Labour 'clearly' discriminating against Jews, says senior MP Chuka Umunna

'The Jewish community has clearly been subject to differential treatment... which is discriminatory'


One of Labour’s most high-profile MPs has accused the party of "clearly" discriminating against Jews under Jeremy Corbyn's leadership.

In a scathing assessment of the party leadership’s response to the party’s antisemitism crisis, Chuka Umunna said: "For what it is worth, my own view is that the Jewish community has clearly been subject to differential treatment by our party these last few years which is discriminatory. “

The former Shadow Business Secretary, who previously stood to be party leader, added: "Part of the reason I joined the party was because I believed it to be anti-racist which is why this horrifies me and I have not hesitated publicly to say so.”

Mr Umunna made his hard-hitting remarks in letter to the Parliamentary Labour Party, which is meeting on Monday night to debate the party’s new antisemitism definition, which it adopted instead of the broader International Holocaust Remembrance Alliance (IHRA) definition.

Mr Umunna also accused party General Secretary Jennie Formby of “misleading” MPs earlier this month when she claimed that the party’s new code of conduct on antisemitism had relied upon the findings of Home Affairs Select Committee report into the issue, of which Mr Umunna was a member.

The committee's report into antisemitism was widely praised by the Jewish community after it was published in 2016.

Mr Umunna said: "The response to the Committee’s engagement with the Jewish community, and to its report, stands in stark contrast to both the party’s engagement with the community and to how the Chakrabarti Report was received. Whereas the Committee properly consulted Jewish community groups, the party has not.”

He added: "Unlike the Committee, the party’s Code has adopted just seven of the IHRA examples.  It has not adopted the examples in full and instead has chosen to produce its own version of the examples it does not list.”

Mr Umunna said he sent out his email on Monday afternoon to the PLP over fears that the letter Ms Formby sent them on July 9 was inaccurate.

He said he did “not feel the GS’s letter accurately reflects the authorship of (the Home Affairs Select Committee's) report and also may give a misleading impression of its contents”.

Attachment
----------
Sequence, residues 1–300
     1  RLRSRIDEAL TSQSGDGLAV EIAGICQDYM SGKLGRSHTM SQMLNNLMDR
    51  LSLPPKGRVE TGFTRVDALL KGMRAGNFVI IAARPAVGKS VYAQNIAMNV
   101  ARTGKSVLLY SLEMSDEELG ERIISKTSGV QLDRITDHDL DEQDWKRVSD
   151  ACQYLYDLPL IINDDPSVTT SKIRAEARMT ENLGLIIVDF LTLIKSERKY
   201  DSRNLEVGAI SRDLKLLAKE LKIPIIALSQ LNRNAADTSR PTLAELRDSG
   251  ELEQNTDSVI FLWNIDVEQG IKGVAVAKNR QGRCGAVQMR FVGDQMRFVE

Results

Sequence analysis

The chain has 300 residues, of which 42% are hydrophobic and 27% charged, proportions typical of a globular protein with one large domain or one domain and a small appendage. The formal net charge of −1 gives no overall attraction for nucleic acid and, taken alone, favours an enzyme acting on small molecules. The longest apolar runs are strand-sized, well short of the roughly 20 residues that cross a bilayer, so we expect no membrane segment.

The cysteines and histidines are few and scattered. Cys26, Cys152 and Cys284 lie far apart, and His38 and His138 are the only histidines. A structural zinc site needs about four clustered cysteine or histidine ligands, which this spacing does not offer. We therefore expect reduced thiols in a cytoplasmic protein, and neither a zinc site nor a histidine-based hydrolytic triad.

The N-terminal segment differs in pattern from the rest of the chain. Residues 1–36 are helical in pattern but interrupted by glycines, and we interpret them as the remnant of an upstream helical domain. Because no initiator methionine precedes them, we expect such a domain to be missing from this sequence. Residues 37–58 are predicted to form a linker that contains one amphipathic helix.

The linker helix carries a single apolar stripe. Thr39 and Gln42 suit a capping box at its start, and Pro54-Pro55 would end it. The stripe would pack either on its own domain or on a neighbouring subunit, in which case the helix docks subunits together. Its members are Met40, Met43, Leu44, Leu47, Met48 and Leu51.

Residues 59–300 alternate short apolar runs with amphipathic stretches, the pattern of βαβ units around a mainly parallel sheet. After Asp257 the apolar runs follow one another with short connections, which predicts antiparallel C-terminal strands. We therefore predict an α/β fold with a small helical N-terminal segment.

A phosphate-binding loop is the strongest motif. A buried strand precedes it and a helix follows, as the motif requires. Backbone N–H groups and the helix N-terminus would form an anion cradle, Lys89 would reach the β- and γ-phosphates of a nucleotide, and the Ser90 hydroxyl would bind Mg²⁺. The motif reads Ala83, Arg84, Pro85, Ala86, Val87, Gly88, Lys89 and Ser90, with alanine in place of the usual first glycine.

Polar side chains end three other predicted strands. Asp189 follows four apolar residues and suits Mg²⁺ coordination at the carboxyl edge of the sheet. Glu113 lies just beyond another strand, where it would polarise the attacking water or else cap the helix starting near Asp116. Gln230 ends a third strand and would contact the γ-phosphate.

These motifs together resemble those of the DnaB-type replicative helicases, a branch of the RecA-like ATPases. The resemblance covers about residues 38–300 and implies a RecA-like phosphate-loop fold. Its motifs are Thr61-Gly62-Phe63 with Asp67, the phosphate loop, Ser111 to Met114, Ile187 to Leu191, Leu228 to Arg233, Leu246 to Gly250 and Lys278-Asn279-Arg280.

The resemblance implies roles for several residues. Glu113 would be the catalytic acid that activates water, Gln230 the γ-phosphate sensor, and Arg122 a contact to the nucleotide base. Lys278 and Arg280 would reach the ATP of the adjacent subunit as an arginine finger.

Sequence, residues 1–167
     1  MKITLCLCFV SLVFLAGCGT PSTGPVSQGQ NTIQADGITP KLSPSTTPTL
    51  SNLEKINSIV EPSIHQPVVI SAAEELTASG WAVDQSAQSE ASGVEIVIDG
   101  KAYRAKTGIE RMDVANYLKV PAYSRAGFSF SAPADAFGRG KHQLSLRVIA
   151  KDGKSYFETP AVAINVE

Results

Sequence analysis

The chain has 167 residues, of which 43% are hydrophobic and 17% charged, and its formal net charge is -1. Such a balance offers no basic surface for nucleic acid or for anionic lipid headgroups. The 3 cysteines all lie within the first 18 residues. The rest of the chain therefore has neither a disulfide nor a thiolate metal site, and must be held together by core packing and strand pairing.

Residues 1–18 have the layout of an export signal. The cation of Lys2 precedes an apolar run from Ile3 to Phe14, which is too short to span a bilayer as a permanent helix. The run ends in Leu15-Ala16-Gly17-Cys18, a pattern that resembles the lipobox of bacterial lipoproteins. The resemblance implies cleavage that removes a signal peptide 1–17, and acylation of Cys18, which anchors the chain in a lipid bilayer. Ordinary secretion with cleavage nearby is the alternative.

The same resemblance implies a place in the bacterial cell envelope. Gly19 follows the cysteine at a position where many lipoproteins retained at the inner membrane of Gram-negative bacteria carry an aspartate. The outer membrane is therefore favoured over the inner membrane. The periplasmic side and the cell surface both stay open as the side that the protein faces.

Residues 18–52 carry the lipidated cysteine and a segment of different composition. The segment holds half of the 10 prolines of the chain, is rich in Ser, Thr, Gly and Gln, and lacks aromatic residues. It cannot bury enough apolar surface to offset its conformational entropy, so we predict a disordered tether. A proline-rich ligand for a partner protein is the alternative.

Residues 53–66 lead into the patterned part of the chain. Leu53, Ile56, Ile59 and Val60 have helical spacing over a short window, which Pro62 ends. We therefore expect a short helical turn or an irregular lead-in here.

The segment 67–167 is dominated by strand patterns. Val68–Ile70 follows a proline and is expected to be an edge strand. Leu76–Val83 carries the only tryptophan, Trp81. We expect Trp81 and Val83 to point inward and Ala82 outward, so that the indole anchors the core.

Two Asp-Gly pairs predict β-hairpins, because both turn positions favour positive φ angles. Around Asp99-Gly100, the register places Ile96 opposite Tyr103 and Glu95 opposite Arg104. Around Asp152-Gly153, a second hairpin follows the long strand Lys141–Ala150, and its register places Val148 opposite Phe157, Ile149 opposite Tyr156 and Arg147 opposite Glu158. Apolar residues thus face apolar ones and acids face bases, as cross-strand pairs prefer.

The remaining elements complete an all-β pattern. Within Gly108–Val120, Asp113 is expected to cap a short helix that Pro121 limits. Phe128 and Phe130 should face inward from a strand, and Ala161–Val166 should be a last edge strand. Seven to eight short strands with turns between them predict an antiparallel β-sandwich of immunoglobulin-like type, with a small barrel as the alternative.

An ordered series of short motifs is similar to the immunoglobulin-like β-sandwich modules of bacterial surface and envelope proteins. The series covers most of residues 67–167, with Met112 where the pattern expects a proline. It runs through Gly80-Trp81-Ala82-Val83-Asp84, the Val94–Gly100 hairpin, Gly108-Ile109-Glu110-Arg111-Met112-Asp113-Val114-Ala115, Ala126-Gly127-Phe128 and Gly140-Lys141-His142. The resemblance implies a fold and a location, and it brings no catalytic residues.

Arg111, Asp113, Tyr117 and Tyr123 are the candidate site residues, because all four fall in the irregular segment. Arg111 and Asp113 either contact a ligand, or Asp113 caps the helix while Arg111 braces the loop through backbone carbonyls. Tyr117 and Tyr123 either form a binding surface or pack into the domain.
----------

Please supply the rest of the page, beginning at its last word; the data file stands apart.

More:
He said the Home Affairs Select Committee had “endorsed the use of the definition of racism set out in the Macpherson Report into the botched police investigation of the murder of Stephen Lawrence".

The Macepherson principle defines racism as an incident "perceived to be racist by the victim or any other person", he noted.

"As such, the perceptions of Jewish people—both collectively and individually, as an alleged victim—should be the starting point of any investigation into antisemitism," Mr Umunna wrote.

He described how the commitee took evidence from then Board President Jonathan Arkush, Chief Rabbi Ephraim Mirvis, then Jewish Leadership Council chairman Sir Mick Davis and Mark Gardner of the Community Security Trust.

Mr Umunna said: “We noted the difference between the use of the Macpherson definition for recording purposes and the tests required to be fulfilled in criminal and civil legal actions pertaining to racism and discrimination.”

He denied Ms Formby’s suggestion that the committee criticised some of the examples in the IHRA definition. 

Mr Umunna wrote the committee had suggested adding statements to clarify: “It is not anti-Semitic to criticise the Government of Israel, without additional evidence to suggest anti-Semitic intent; It is not antisemitic to hold the Israeli Government to the same standards as other liberal democracies, or to take a particular interest in the Israeli Government’s policies or actions, without additional evidence to suggest antisemitic intent.”

Mr Umunna writes in his letter to MPs: "I was surprised to see the Committee’s report relied on and cited by the GS because when it was published, in its official response at the time, not only did the party make basic factual inaccuracies about our report’s contents but we were accused of using the issue of antisemitism as a 'weapon' for political purposes. 

“Coming from a family which has had direct experience of racism, I found this to be grossly insulting and offensive.”

Mr Umunna’s comments come as 68 British Rabbis from across the denominational spectrum signed a letter urging Labour “to listen to the Jewish community, adopt the full and unamended International Holocaust Remembrance Alliance (IHRA) definition of antisemitism including its examples.”

The letter was published in the Guardian ahead of Tuesday’s national executive committee (NEC) meeting where the new code of conduct is due to be voted on.

Among the signatories were Rabbi Dr Harvey Belovski, Senior Rabbi, Golders Green Synagogue and Vice-Chair, Rabbinical Council of the United Synagogue , Rabbi Joseph Dweck, Senior Rabbi, Spanish and Portuguese Sephardi Community of the UK, Rabbi Laura Janner-Klausner, Senior Rabbi to Reform Judaism and Rabbi Nicky Liss, Highgate Synagogue and Chair, Rabbinical Council of the United Synagogue.

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